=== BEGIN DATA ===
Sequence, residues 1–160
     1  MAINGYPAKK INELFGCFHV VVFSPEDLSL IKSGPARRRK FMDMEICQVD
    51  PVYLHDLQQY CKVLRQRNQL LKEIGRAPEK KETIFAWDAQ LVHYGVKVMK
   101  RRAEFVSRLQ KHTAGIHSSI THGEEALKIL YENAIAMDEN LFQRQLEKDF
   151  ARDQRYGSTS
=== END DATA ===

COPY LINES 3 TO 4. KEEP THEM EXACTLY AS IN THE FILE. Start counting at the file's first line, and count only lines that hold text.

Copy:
    51  PVYLHDLQQY CKVLRQRNQL LKEIGRAPEK KETIFAWDAQ LVHYGVKVMK
   101  RRAEFVSRLQ KHTAGIHSSI THGEEALKIL YENAIAMDEN LFQRQLEKDF